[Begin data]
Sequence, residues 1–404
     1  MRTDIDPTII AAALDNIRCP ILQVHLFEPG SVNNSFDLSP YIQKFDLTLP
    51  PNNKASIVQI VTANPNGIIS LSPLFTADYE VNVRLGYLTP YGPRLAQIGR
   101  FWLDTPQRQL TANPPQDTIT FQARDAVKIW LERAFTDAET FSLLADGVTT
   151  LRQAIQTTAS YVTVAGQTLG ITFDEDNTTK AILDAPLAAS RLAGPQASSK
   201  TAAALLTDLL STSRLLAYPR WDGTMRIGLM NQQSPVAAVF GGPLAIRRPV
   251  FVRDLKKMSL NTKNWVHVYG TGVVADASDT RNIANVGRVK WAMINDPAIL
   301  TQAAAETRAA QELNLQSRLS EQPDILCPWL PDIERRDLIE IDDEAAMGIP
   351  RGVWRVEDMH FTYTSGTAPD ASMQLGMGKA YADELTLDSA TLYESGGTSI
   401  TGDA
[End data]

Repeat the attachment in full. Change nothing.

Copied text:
Sequence, residues 1–404
     1  MRTDIDPTII AAALDNIRCP ILQVHLFEPG SVNNSFDLSP YIQKFDLTLP
    51  PNNKASIVQI VTANPNGIIS LSPLFTADYE VNVRLGYLTP YGPRLAQIGR
   101  FWLDTPQRQL TANPPQDTIT FQARDAVKIW LERAFTDAET FSLLADGVTT
   151  LRQAIQTTAS YVTVAGQTLG ITFDEDNTTK AILDAPLAAS RLAGPQASSK
   201  TAAALLTDLL STSRLLAYPR WDGTMRIGLM NQQSPVAAVF GGPLAIRRPV
   251  FVRDLKKMSL NTKNWVHVYG TGVVADASDT RNIANVGRVK WAMINDPAIL
   301  TQAAAETRAA QELNLQSRLS EQPDILCPWL PDIERRDLIE IDDEAAMGIP
   351  RGVWRVEDMH FTYTSGTAPD ASMQLGMGKA YADELTLDSA TLYESGGTSI
   401  TGDA